December 15, 2021

By Cody WeyhofenMark Opara,John Neyens, and John Vering

On November 29 and 30, 2021, the Eastern District of Missouri and Western District of Louisiana, respectively, issued injunctions blocking the Centers for Medicare and Medicaid Services (“CMS”) from implementing its Interim Final Rule (the “Interim Final Rule), which requires facilities participating in Medicare or Medicaid to have a fully vaccinated workforce by January 4, 2022.

The CMS Interim Final Rule

The Interim Final Rule applies to a multitude of healthcare providers participating in Medicare or Medicaid, including hospitals, long-term care facilities, nursing homes, and others. The Interim Final Rule required staff not subject to medical, disability, or religious exemptions to receive at least the first dose of a two-dose vaccine or a single-dose vaccine by December 5, 2021, and to be fully vaccinated by January 4, 2022.

Federal Courts Block Enforcement

On November 29, 2021, the Eastern District of Missouri enjoined CMS from enforcing the Interim Final Rule in ten states including Missouri and Kansas, citing, among other reasons, the lack of clear congressional authorization for the rule and the “more than likely” possibility that the Interim Final Rule would exacerbate the already-existing staffing problems in healthcare facilities. The following day, the U.S. District Court for the Western District of Louisiana issued a nationwide stay on enforcement of the Interim Final Rule on similar grounds.

Looking Forward

As of the time of this writing, the CMS Mandate remains enjoined in all fifty states. Although the Biden Administration asked both the Missouri and Louisiana Courts to stay enforcement of their respective injunctions pending appeal, both Courts denied the Administration’s request in separate orders on December 1, 2021.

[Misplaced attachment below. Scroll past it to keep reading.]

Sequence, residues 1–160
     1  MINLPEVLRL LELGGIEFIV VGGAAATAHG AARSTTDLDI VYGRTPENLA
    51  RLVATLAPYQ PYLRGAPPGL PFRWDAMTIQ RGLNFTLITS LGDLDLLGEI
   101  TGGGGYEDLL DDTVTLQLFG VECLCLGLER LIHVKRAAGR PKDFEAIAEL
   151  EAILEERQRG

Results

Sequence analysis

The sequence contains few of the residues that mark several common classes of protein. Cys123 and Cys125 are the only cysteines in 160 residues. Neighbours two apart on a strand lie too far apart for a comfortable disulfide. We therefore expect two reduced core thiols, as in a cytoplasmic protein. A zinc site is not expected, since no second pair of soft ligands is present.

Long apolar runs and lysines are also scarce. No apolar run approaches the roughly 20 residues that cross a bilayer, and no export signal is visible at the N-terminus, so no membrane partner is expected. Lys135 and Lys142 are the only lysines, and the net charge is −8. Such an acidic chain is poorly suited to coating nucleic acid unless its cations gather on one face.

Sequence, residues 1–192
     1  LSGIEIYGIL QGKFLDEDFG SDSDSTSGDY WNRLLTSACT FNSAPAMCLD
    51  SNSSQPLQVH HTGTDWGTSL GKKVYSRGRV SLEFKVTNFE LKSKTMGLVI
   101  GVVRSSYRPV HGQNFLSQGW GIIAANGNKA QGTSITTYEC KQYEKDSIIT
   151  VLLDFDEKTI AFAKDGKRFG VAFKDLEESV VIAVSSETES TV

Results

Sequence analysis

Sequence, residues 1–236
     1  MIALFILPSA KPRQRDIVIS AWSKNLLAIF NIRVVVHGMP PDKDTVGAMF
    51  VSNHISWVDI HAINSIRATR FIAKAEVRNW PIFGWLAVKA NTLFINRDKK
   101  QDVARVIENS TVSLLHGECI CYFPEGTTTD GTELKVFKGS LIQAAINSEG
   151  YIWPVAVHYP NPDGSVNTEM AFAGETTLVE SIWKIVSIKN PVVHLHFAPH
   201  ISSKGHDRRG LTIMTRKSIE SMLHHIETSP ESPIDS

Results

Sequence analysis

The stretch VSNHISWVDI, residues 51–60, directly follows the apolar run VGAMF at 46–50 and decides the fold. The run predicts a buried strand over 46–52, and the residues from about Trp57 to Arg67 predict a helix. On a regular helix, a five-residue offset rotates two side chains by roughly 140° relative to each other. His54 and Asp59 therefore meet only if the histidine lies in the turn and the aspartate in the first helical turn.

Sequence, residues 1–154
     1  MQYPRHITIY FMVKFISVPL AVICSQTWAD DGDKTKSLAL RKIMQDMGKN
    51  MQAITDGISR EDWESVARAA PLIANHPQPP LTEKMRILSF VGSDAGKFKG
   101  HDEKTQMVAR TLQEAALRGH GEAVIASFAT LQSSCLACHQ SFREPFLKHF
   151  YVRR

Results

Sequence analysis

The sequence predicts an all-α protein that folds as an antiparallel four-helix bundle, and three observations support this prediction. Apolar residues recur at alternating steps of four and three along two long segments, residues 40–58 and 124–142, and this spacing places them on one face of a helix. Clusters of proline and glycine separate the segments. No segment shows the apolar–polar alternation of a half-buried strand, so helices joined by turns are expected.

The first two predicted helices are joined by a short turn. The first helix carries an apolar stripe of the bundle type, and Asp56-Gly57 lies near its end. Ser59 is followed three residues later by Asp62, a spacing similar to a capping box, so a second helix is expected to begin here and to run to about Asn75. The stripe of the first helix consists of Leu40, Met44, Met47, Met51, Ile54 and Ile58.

The Missouri and Louisiana Courts’ orders prohibit only CMS from enforcing vaccine mandates. In other words, the preliminary injunctions do not prohibit private employers, including healthcare facilities subject to the CMS Mandate, from implementing and enforcing their own mandatory vaccine policies. However, those employers should be mindful that a growing number of states have either passed or are considering passing laws that curtail employers’ ability to impose vaccination requirements.

For example, under recently enacted Kansas House Bill No. 2001, if an employer implements a vaccination policy, the employer must provide exemptions for employees who submit a written waiver stating that compliance with the policy would “endanger the life or health of the employee or an individual residing with the employee,” or “violate sincerely held religious beliefs of the employee.” Notably, the employer must grant an exemption request based on religious beliefs without inquiring into the sincerity of the request.  This means that employers who voluntarily impose vaccine mandates may need to revise their exemption request forms.  This statute provides for potential fines of up to $50,000 per violation.  Also, the Kansas statute is unclear regarding whether an employer can grant a religious exemption, but also determine that it is unreasonable to accommodate the religious exemption for that employee.

Healthcare facilities are encouraged to closely monitory any future developments and consult Seigfreid Bingham’s employment law practice group for further information.

This article is general in nature and does not constitute legal advice. Please note that the mandates referenced above present many novel legal questions, and we encourage you to seek legal advice for the application of these and related laws to your specific situation. Please note that legal requirements are changing on a daily basis. Readers with legal questions should consult Cody Weyhofen (, Mark Opara (, John Neyens (, John Vering (, or your regular contact at Seigfreid Bingham at (816) 421-4460.